The Invention of Hugo Cabret by Brian Selznick

A friend and I are were arguing vehemently talking the other night about a book I did not prefer (see here to see how much I did not prefer it).  He had read it several years before and remembered it much more positively than I did.  We had a good time yelling at each other bantering back and forth about it, and at one point, I stated some version of my "a book is only good if it changes me in some critical way" statement, and he countered that without having read that book, we couldn't have had the conversation, and thus, it too had changed me.  Though I disagree with the spirit of what he was saying, he was right in that every book, regardless of content or subjective quality analysis, offers us something, adds something to our experience in the world.

My first read for Paris in July (I know, it's been a slow start!) was The Invention of Hugo Cabret by Brian Selznick.  Set in Paris in 1931, this book was the first graphic novel to win the Caldecott medal, awarded each year for the best example of illustration in a children's book.  I have read perhaps 3 graphic novels in my life, so it should be obvious that this is a genre I do not gravitate toward.  And perhaps it should not be a surprise that I found myself kind of skimming over the pictures to get to the text.  The story was a pretty good one, and the art was (at times) well-executed, interesting, and strong.  That said, it was also dark (the artist uses a lot of pencil strokes for each drawing) and somehow slow-moving.  It wanted me to ponder the art more, and I just wanted to find out what happened.  As a unique form, though, the book more than deserves the accolades it has earned.  In the book, Selznick combines the novel, the picture book, and film in exciting ways.  He blurs the line between a page turn and a scene cut, and he incorporates stills from old movies and sketches from the filmmaker Georges Melies throughout.  It is an interesting juxtaposition, and it is this which I feel was the most substantial takeaway for me.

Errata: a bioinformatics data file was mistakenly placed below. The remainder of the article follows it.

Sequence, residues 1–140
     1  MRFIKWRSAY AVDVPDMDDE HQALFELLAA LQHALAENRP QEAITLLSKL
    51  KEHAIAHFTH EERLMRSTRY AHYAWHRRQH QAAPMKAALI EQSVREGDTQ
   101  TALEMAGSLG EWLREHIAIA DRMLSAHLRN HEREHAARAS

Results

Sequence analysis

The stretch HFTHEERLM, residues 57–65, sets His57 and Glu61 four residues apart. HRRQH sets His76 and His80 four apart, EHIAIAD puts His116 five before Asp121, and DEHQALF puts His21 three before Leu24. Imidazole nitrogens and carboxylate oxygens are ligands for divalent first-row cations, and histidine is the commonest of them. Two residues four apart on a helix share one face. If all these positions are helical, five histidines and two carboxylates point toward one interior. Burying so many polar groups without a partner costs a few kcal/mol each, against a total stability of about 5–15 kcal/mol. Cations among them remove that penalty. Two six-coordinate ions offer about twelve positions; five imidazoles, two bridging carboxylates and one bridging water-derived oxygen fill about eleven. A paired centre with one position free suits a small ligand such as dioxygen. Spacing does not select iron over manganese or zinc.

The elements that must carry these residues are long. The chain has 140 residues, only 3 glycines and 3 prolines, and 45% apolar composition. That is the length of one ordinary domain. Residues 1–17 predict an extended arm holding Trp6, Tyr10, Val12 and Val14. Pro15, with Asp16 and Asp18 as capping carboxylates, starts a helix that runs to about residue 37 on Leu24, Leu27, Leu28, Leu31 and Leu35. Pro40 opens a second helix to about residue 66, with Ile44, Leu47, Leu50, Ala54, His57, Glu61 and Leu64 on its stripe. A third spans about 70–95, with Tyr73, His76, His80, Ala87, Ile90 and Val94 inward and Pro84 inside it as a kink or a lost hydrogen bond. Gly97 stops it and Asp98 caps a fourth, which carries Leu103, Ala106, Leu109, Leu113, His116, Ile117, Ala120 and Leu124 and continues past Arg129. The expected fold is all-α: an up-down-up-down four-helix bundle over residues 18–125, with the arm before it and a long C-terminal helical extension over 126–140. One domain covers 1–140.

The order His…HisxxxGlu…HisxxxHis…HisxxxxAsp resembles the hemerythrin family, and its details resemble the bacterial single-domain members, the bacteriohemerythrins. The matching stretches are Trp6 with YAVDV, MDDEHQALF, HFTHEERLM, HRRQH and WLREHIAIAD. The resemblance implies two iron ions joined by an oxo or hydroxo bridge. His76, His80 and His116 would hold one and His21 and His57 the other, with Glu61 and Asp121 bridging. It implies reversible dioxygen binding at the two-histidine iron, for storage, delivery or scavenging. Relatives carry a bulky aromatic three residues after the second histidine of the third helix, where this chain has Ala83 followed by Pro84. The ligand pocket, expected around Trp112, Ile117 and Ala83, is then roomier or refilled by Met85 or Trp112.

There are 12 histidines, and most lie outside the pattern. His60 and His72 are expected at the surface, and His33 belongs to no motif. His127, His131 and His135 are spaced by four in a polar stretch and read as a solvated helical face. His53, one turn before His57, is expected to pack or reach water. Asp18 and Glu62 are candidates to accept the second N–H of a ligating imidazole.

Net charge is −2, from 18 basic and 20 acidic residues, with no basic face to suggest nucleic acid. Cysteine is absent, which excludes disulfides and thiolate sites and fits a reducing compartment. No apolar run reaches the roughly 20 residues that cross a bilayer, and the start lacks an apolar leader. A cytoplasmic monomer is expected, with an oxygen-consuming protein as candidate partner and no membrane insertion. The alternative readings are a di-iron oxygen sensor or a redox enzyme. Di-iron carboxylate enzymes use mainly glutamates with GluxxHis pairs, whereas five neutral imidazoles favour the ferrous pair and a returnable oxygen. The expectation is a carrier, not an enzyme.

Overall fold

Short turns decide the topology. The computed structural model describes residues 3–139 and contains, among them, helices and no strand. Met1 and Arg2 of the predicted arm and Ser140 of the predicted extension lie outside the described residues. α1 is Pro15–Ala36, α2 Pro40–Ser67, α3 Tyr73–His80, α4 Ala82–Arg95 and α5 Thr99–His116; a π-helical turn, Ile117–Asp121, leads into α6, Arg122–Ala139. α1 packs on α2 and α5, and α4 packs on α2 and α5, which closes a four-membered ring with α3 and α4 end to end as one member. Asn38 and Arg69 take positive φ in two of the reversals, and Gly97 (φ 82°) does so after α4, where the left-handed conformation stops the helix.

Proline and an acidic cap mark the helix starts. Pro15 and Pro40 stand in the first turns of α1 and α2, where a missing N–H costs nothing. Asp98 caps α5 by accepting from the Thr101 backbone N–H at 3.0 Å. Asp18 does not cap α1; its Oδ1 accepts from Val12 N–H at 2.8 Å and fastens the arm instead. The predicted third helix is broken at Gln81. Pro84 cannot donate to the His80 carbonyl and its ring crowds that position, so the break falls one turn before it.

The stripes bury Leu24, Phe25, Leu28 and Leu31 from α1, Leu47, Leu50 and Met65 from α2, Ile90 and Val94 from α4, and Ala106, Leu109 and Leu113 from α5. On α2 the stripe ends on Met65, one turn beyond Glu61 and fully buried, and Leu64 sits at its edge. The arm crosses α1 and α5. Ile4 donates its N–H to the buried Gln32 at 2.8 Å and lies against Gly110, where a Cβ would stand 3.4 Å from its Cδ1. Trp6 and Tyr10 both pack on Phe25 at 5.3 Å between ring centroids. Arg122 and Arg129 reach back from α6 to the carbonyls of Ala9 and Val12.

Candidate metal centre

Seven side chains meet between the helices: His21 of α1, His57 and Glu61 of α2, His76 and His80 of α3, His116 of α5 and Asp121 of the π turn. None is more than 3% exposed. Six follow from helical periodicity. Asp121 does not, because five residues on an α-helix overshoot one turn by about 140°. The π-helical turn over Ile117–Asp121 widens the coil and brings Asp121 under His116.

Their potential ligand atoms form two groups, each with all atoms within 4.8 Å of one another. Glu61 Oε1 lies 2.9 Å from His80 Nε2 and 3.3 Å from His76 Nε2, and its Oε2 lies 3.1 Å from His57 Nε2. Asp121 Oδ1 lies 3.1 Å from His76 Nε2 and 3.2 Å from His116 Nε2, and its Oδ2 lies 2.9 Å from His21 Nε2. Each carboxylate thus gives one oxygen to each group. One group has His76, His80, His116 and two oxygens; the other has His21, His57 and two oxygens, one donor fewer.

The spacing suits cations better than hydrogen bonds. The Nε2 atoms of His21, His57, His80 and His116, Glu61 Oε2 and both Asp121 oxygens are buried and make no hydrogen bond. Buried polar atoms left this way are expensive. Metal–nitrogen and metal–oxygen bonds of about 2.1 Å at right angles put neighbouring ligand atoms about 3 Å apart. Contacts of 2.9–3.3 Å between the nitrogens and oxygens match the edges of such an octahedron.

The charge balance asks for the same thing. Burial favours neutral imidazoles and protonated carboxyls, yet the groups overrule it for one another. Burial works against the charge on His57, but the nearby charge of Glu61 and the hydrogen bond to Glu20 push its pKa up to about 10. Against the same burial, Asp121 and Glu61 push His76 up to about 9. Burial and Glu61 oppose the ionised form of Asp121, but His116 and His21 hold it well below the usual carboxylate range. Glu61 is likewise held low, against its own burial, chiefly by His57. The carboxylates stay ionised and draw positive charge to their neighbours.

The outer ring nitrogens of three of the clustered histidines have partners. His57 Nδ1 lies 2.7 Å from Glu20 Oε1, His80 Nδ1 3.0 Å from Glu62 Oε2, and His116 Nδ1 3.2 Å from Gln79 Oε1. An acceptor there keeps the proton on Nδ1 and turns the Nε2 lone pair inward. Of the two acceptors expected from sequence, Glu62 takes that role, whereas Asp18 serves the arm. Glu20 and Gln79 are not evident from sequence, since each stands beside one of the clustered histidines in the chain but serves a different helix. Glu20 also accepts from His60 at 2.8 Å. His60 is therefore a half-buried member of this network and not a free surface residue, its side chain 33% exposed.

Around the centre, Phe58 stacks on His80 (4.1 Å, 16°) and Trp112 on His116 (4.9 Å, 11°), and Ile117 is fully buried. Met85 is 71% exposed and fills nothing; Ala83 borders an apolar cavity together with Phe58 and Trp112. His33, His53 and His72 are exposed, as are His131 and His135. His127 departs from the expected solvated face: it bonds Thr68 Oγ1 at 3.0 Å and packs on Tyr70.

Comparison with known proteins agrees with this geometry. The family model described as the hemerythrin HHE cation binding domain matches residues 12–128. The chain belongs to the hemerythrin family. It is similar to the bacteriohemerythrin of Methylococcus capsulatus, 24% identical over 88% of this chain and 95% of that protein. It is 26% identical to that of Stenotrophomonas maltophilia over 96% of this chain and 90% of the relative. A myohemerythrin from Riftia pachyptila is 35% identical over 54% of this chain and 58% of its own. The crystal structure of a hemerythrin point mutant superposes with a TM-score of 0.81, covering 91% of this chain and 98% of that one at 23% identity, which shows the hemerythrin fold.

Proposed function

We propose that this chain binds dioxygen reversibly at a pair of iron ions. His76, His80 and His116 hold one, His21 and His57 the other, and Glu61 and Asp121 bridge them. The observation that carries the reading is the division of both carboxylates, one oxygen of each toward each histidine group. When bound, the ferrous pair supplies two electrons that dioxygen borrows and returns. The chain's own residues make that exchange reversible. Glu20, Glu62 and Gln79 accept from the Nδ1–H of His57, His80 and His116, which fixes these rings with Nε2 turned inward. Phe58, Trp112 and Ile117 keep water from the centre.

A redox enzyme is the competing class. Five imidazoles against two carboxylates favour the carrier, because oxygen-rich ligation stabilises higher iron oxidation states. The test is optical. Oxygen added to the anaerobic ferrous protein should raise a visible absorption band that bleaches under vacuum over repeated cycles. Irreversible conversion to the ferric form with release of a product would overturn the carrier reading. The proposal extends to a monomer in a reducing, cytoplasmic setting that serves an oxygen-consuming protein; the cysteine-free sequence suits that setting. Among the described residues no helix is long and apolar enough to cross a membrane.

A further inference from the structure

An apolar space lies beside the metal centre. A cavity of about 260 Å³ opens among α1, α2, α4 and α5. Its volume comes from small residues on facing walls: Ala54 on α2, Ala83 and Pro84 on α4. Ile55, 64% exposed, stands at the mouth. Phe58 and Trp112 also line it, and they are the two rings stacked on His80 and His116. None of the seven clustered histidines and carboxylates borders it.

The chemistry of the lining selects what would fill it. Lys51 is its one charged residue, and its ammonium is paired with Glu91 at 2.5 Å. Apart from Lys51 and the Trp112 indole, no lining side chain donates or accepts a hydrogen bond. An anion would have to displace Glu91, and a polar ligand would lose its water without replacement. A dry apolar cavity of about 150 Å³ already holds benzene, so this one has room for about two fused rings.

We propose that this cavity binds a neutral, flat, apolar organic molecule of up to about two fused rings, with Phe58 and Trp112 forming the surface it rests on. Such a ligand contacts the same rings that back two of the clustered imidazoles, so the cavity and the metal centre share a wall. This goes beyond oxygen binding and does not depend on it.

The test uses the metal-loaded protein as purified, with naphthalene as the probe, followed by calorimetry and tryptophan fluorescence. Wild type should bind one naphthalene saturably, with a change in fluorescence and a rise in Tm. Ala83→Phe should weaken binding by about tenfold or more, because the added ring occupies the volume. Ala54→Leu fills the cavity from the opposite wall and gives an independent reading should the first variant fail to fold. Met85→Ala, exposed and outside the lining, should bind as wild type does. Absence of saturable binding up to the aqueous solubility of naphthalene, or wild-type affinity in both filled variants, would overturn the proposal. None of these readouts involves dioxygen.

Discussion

Though I didn't feel particularly changed by the book itself, it did lead me to this 1902 film by Melies.

Considered the first science fiction film ever, it is remarkable for its innovation and hilarious for its misinterpretation of what space travel might "one day" look like.  It was an excellent addition to my knowledge and a fun start to Paris in July for me, especially in light of Friday's final shuttle launch:

For your final piece of video today, I offer this from Selznick himself.  I was particularly interested in his explanation of how he puts it all together and impressed with the fact that the original art is much smaller and finer and tighter than how it was published.  Interesting stuff.


  1. I watched the video you included of Brian Selznick explaining his sketches and immediately added The Invention of Hugo Cabret to my TBR. I've read a total of four graphic novels in my life and while they aren't all life changing, this one sounds particularly interesting. Thank you for sharing.

  2. I'll have to check this out. sounds interesting.

  3. I just finished Hugo Cabret too. The page you photographed is probably my favourite too- hard not to be with the Eiffel Tower! I possibly enjoyed it more than you did, from how I read your post. It's certainly a fascinating book, and a great start for Paris in July. I'm trying to finish off my own Hugo blog post. I like that you photographed it with the spine of the book showing. My eyes like that on a book cover are always a bit creepy aren't they?

  4. @Brenna - Wasn't that video interesting? It is a easy graphic novel for a novel reader because there is quite a lot of text. Enjoy!

    @Serena - Do check it out!

    @Louise - I'm glad to hear you enjoyed it. I realize my post came off sounding like I didn't enjoy it at all, but I did. It just didn't impress me the way other books have. I don't expect all of them to, but I try to make my comments reflect the truth of my experience. And thanks for the compliment on the photograph. It was a fun angle for this one!

  5. This is an awesome post! Thanks for sharing all this.